He is late again today. In fact, despite my repeated warnings, he’s been coming to class later and later as the semester nears its end: 30 seconds after the bell rings has become 1 minute, 2 minutes… today it is closer to 5. He tries to slip into his seat when I’m not looking – as if I won’t notice with only ten kids in the class. Then, like most days, a few minutes later he casually saunters up and asks to use the washroom during our reading time. He’s driving me crazy.
The EAs I’ve worked with over the years have told me that I am too slow to respond to these minor transgressions, that I should send kids to the office earlier and more often. I need to be more strict. I hear this. I hear, too, what these kids are asking “How far can I go? What can I get away with? How much does she care?” I care a lot. And I should be strict, but I want to know the why behind the transgression. I’m a sucker for the why.
“I’m worried about you,” I tell him.
“Don’t be,” he shrugs. “It’s not like I miss anything at the beginning of class, anyway.”
I bite my tongue and wait.
“What’d I miss?”
I raise my eyebrows.
See, the truth is, he’s kind of right: he doesn’t miss much content in that first minute, though I pretty much always start on time. We use the beginning of class to connect, to set the tone, to share, and, of course, to talk about books. But he’s not interested in being part of the class, and he doesn’t want me to know him. If he’s late, he doesn’t have to learn about his classmates and he can stay disconnected.
“Why do you care so much about 2 minutes?” He eyes me warily.
I have to think about this. I mean, I knew the answer before he asked, but now I need to answer for him. Why do I care so much about him being in class on time?
“Well…” I hesitate, and my voice trails off. “I’m worried.” Hmm. I already said that. I’m not making a good case for myself. His chin juts forward and up, but his eyes go down. I take a deep breath and the truth tumbles out.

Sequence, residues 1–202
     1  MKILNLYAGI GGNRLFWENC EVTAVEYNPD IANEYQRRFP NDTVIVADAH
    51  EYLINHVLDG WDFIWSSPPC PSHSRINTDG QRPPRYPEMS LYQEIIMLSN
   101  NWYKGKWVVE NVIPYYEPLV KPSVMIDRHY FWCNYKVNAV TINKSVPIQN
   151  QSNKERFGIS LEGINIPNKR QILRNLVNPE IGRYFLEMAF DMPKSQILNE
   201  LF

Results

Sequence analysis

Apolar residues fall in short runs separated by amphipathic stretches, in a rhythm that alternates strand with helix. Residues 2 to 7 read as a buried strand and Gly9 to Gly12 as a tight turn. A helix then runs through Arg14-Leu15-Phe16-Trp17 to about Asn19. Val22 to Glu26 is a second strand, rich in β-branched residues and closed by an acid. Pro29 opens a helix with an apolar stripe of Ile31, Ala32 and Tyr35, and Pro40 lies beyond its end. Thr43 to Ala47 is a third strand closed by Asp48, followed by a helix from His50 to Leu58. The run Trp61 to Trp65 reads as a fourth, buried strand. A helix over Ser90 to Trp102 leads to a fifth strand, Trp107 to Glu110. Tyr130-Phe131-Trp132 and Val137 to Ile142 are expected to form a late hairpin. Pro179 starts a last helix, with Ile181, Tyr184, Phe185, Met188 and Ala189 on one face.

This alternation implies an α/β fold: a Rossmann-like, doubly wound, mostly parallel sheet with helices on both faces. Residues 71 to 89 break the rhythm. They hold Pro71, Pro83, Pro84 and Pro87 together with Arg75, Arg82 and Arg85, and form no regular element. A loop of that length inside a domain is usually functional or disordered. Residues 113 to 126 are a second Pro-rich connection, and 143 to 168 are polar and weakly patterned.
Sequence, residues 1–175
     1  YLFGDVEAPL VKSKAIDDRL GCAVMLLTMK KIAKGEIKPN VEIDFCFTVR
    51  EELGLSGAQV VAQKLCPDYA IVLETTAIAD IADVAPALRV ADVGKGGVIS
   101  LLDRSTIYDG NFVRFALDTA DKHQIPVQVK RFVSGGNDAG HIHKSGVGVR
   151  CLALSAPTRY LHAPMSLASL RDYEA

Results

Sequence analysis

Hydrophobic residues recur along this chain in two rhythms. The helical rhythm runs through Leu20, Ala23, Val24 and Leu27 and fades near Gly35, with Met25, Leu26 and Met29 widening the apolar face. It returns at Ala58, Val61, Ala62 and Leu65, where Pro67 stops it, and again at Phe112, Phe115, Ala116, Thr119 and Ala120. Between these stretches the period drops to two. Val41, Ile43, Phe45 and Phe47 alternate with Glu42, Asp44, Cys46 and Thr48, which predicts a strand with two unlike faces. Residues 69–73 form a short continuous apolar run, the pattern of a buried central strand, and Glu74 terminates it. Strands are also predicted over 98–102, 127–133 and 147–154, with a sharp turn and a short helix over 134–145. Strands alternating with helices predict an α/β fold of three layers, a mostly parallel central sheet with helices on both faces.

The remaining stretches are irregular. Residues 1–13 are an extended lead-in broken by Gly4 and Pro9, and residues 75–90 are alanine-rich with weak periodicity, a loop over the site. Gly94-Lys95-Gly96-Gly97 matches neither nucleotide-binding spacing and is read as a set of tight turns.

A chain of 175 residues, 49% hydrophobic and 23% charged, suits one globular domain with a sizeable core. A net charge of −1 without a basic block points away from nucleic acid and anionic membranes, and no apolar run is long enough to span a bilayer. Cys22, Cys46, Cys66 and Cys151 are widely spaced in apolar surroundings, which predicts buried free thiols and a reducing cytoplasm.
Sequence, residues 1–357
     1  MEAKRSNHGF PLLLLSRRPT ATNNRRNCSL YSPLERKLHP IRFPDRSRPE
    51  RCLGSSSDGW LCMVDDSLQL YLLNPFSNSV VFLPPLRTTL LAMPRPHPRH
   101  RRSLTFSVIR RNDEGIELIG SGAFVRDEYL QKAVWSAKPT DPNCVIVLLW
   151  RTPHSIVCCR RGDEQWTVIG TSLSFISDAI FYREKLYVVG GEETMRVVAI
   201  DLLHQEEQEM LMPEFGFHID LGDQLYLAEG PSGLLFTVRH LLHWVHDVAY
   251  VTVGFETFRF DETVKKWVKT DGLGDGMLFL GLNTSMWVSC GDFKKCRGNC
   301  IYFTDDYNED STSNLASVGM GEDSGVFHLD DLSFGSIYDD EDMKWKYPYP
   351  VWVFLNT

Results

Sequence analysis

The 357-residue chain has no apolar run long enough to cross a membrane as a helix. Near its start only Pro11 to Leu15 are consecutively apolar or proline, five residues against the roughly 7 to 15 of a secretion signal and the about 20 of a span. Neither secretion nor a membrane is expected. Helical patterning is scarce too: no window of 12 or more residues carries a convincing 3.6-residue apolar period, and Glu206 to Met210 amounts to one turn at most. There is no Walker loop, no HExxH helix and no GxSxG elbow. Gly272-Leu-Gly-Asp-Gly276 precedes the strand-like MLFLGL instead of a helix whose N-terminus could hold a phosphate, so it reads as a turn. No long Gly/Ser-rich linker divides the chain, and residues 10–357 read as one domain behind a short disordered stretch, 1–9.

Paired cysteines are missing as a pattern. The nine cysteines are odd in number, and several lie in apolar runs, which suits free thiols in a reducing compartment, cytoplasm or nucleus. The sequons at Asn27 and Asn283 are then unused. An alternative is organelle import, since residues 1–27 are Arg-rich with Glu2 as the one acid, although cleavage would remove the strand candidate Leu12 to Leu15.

“I know you’re bored. But you’ve got a good brain. And I think you might be bored because you’re not engaged in the work we’re doing, or in school, really. I see you skimming around the edges, cutting corners, breaking little rules to show that you don’t have to do this. That you’re not involved. And I’m worried. Because I want you to be interested in something. I want your brain and your heart, and you’re not sharing either. You think it’s about a few minutes; I think it’s about you learning.”
He’s not impressed. I’ve said shorter versions of this before.
“What are you even talking about? I was, like 2 minutes…”
“5 minutes,” I really can’t help interrupting.
“Ok, 5 minutes late. Like 5 minutes.” He’s shaking his head.
“Today. And yesterday. And last week. And what about tomorrow? And you don’t put your phone away when I ask. And you do the writing I ask for, but you don’t share it. And you read when we’re talking and go to the washroom when we’re reading. You have a lot of ways of making it clear that you are not following the rules, that you aren’t one of us.”
He is quiet. I may be right, but he thinks I’m crazy. I’m asking for something way beyond just following the rules. I’m interested in more than just his compliance, and he knows it. We both wait.
“Do I have to stay after class?” His question is a whisper.
I know how much lunch means to him. I know how he needs his friends, how he needs to move. I know I should be stricter earlier with these minor transgressions. I know that punishment rarely leads to engagement. We appraise each other. I see such potential in him, such possibility. I wonder what he sees in me?
Finally, I sigh. “I guess I don’t know anymore. Can I think about it?”
“Yeah,” he says. And then, as he’s turning around, “Thanks.”
It’s the “thanks” that gets me. I don’t keep him in at lunch. And I hope he’ll be on time tomorrow, but he probably won’t be. He may be right: I may be crazy.
Update, Wednesday morning: And… he was late again today. But he was in a good mood, and he sat down to read without complaint. Baby steps?